The New Credit Card Act

by Belinda Rosenblum

As published by the American Society of Administrative Professionals at (member only site):

What the New Credit Card Act Means to You

  • Wondering why you are getting so many letters from your credit card companies in the mail recently?
  • Have you noticed any changes to your billing statements?
  • Concerned about what the current credit CARD law is all about?

There is a very good reason—because your credit card companies now have increased obligations (literally) to communicate with you. President Obama signed the Credit Card Accountability, Responsibility and Disclosure (or Credit CARD) Act of 2009 into law on May 22nd. Most of the provisions went into effect on February 22, 2010, unless otherwise stated, and are meant to improve disclosures to consumers and end egregious practices in the credit card industry.

Issuers won’t be able to raise interest rates on existing balances as long as you pay on time and they will need to provide at least 45-day advance notice of fee changes and interest rate increases. Just these two changes alone will save consumers an estimated $10 billion annually, according to the nonprofit research firm Pew in a recent report.

Here are the highlights for you:

Rate Increases

  • Although there are still no caps on interest rates, issuers now can’t raise rates on an existing balance unless a promotional rate expired, your variable indexed rate increased, or you were more than 60-days late. The key here is that they can no longer punish borrowers immediately under the “universal default” or the “anytime, any reason” clauses. Previously if you were late on any account (even unrelated), it could trigger an increase for you or if they just felt like giving you an increase.
  • If you do trigger the default rate because of a 60-day delinquency, the bank must restore the lower rate once you demonstrate 6-months of consecutive on-time payments. (This provision took effect August 2009.)
  • Significant changes in terms on accounts require 45-days advance notice of the change, rather than the previous 15-day notice.

Fee and finance charge restrictions

  • You will not face over-limit fees unless you elect to approve over-limit transactions. Issuers can’t charge more than one over-limit fee per billing cycle.
  • As the law puts an end to “double-cycle billing”, interest can only be imposed on balances in the current billing cycle. (Under the previous method, you could be charged interest on debt already paid off in the previous month, as the finance charges were based on the current and previous balance.)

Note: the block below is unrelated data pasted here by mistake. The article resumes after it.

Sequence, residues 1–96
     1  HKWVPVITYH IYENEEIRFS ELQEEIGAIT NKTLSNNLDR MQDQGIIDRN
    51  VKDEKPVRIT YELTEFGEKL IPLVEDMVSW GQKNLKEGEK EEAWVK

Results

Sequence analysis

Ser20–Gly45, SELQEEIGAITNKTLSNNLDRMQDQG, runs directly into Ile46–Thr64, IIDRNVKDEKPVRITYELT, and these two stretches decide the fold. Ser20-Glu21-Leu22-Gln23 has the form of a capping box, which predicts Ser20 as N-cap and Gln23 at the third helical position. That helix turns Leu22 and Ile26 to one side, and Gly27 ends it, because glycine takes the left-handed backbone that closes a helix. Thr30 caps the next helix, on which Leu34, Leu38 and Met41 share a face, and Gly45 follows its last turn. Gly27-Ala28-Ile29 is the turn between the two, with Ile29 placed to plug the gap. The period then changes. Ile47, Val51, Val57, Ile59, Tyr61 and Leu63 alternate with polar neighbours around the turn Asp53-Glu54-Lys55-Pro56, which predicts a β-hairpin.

Time to pay

  • You will notice a new interesting disclosure on your recent statement if you are carrying a balance on your card. Your monthly credit card bill will now include information on how long it will take you to pay the balance making only minimum payments and how much you need to pay monthly to pay off the balance in 3-years. (This will be shocking for many consumers carrying credit card balances!)
  • Credit card companies must send statements 21 days before a payment is due. Prior to August 2009, the law required only 14 days.

Payment allocation improvements

  • A detailed review of your previous card agreement would likely have revealed that payments would be applied first to the lower-rate balances. (So if you made a balance transfer on a card of $10,000 and then charged an additional $200 on the card, any payment you would have made to that card would have first been applied to the $10,000 and the $200 would have been accumulating interest at the current higher rate.) Under the new rules, above-the-minimum payments will be applied first to the credit card balance with the highest interest rate.

There are more new clauses related to card issuances to students, gift card protections, caps on high-fee cards, sub-prime credit cards for people with bad credit, and more, so it is essential you read the notices you receive from the credit card company to understand how this will all affect you. For more information, consult these sources:

Board of Governors of the Federal Reserve System – What you need to know: New Credit Card Rules What the new credit card law means for you 8 major benefits of new credit card law

All that being said, be sure to note that the Credit CARD Act applies to personal credit cards and excludes cards used for corporate/business purposes.

Keep your eyes open and your credit cards current. The best answer to approaching this new Credit CARD Act is to take charge of your credit and ditch your debt today!

If you’re ready to make more, save more, and stress less about your money, get your FREE report, audio, and ongoing money success tips from Belinda now at: Belinda is the founder and chief money motivator of and host of Boston’s TV talk show “Money On Your Mind.”

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